Bad news for pensions
Over the last couple of weeks Brett has been discussing the Bank of England's attempts to restart the economy through quantitative easing (QE), the principles behind it and the possible pitfalls if it is not monitored appropriately.
However, the Bank's decision will have wider consequences, namely – more bad news for pensions.
The effect of QE will impact on pension investments in several ways with both defined benefit (DB) and defined contribution (DC) schemes coming off worse as a result of the government's actions.
Whilst DC pensions have small liquidity needs (as the income from contributions and investment are sufficient to cover benefit payments and other expenditures), DB plans rely on their assets to supply pension incomes to retired members. Although QE could potentially see the value of these assets rise, the immediate response to QE will be seen in the value of its liabilities.
The price of DB pension liabilities are based on the yields of long-term gilts, however with the main objective of QE to increase the value of assets and decrease yields, the lower interest rate produces a higher level of liabilities and could plunge many schemes into serious difficulty.
Already the yields on longer-term 10-year gilts have fallen by around 21-30 basis points and it is estimated that in within the first week of QE the pension deficits facing some of Britain's largest DB schemes jumped by around £100 billion to a record £390 billion, an equivalent of over £150,000 for every member of a DB pension.
The decline in yields are also going to negatively influence annuity rates which means that not even DC pensions escape the backlash of QE.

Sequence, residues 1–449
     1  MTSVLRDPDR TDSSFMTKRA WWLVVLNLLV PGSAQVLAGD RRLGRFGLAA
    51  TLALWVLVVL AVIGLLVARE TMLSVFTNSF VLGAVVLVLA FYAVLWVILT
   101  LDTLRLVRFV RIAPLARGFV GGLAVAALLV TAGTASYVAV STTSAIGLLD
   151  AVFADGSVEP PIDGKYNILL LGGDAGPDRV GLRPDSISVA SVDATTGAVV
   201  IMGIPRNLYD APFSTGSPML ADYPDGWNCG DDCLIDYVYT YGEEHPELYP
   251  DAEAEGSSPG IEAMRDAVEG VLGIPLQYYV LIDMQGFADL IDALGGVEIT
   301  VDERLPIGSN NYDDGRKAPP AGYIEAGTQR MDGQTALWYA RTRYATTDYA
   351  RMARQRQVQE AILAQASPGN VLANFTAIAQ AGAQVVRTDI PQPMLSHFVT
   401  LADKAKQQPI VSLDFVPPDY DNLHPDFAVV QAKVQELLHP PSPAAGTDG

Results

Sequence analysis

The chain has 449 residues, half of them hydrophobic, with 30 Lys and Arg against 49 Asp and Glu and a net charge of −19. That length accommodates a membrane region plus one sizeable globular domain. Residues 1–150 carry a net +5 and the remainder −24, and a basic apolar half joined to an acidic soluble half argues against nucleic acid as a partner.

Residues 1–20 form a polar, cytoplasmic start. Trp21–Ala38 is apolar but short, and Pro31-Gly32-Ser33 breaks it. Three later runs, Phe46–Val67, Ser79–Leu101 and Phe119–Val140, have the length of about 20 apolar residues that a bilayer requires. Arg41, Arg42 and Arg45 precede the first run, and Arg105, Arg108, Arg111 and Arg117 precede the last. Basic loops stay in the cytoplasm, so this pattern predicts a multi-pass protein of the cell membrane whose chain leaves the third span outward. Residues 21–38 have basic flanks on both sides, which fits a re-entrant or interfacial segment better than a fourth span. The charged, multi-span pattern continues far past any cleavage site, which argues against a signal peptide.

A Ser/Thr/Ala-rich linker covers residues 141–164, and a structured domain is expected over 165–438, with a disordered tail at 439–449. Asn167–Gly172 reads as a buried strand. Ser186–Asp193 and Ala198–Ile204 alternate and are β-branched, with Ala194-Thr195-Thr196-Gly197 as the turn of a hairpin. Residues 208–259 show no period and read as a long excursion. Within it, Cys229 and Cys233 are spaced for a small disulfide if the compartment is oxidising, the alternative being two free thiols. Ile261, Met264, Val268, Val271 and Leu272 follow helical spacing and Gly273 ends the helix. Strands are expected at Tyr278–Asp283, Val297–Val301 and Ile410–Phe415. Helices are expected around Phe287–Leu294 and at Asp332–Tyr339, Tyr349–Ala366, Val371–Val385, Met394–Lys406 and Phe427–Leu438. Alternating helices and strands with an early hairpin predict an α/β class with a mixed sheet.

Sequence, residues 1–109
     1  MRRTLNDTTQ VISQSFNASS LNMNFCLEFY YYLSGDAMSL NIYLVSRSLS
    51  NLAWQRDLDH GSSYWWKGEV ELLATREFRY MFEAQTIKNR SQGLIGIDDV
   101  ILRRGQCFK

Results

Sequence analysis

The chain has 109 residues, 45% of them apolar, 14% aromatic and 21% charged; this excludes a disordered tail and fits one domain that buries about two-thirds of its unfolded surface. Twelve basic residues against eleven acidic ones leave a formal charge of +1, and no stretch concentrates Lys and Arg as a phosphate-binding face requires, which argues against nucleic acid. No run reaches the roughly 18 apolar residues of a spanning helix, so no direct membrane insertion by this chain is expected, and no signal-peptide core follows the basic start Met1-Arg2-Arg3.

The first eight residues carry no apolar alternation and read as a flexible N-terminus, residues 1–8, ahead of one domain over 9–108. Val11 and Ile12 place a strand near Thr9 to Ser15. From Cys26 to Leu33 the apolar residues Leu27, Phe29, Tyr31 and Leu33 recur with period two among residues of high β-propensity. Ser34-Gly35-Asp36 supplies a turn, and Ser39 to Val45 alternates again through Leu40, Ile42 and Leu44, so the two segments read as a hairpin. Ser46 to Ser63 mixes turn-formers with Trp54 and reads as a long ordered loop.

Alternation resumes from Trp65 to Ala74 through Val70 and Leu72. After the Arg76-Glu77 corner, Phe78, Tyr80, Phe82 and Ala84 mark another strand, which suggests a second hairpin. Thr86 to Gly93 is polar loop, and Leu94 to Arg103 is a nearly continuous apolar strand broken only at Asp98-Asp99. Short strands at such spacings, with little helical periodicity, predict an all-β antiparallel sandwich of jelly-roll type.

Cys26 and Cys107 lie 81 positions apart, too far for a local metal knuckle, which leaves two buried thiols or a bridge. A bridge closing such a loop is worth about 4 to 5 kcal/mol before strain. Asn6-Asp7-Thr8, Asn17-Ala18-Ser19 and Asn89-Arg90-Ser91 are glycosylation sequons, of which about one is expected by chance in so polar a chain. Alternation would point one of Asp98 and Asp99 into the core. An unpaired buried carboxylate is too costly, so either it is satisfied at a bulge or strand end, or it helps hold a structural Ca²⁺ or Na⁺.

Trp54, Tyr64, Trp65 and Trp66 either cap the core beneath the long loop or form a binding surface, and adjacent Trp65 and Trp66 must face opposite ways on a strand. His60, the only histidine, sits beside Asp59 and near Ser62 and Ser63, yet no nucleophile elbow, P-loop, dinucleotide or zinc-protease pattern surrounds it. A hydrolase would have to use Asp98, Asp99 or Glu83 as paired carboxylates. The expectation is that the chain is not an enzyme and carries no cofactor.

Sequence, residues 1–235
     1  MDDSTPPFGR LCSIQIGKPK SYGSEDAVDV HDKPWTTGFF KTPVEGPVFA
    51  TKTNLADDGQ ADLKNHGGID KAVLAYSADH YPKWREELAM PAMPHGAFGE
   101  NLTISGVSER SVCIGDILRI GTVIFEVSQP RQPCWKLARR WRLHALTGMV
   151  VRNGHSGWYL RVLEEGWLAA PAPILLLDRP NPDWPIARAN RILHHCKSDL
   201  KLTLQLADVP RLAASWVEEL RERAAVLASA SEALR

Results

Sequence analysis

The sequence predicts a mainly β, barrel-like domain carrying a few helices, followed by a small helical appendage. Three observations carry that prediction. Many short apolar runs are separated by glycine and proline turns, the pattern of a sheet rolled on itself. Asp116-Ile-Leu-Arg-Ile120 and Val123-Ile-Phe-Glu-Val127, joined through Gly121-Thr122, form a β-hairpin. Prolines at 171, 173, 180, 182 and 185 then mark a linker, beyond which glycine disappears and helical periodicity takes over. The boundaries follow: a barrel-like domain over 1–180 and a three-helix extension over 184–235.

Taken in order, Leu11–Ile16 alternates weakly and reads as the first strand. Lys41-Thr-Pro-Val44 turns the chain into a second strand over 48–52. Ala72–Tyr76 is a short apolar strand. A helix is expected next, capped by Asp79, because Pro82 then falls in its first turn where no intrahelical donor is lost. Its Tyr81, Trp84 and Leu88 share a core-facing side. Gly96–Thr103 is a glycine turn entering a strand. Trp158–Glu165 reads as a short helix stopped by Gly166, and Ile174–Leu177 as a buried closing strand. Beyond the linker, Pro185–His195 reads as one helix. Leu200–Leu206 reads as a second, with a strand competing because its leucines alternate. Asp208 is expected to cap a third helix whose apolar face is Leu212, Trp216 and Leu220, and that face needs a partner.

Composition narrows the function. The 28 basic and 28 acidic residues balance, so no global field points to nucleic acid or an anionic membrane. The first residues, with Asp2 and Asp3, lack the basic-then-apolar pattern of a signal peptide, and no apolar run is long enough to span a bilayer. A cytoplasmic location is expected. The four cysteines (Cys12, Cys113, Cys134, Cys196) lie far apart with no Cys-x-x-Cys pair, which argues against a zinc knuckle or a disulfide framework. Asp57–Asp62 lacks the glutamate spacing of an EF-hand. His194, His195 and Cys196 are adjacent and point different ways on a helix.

Similar to calculating pension liabilities, gilt yields are used to work out annuity rates. Subsequently, major annuity providers, such as Legal & General and Norwich Union have already lowered their rates by up to 2%. This has prompted pension advisor's to suggest to anyone thinking of buying an annuity within the next six months to do so sooner rather than later. When doing so it might be prudent to invest at least part in an inflation-linked annuity to protect your investment in case the government gets it wrong and inflation rockets.
Alternatively, if you can delay buying an annuity for a few years, rates could recover and you will receive an improved income from your annuity, although neither action is guaranteed to be the best option.
Even though the returns of DB schemes should technically be covered by the employer, the implications of QE could push those schemes already in deficit into insolvency. For those schemes enrolled in the Pension Protection Fund, established by the government to provide compensation to members of eligible DB pension schemes, members will receive a proportion of their pension with a maximum yearly income of £27,771. Read our earlier investment news article to learn more about the PPF.
No industry has avoided the current economic downturn but considering pensions are supposed to provide peace-of-mind that your retirement comfort is guaranteed they are clearly failing spectacularly.
These are meant to be the experts and whilst the government's actions have not helped, there is obviously something drastically wrong with the system that can give such variable returns on your investments for your future.
If you're unsure that what's still left in your pension pot will fund your retirement, then give the team a call on 0207 812 1255 and we'll show you how our four industry unique guarantees will make property investment an easy choice for you and your family.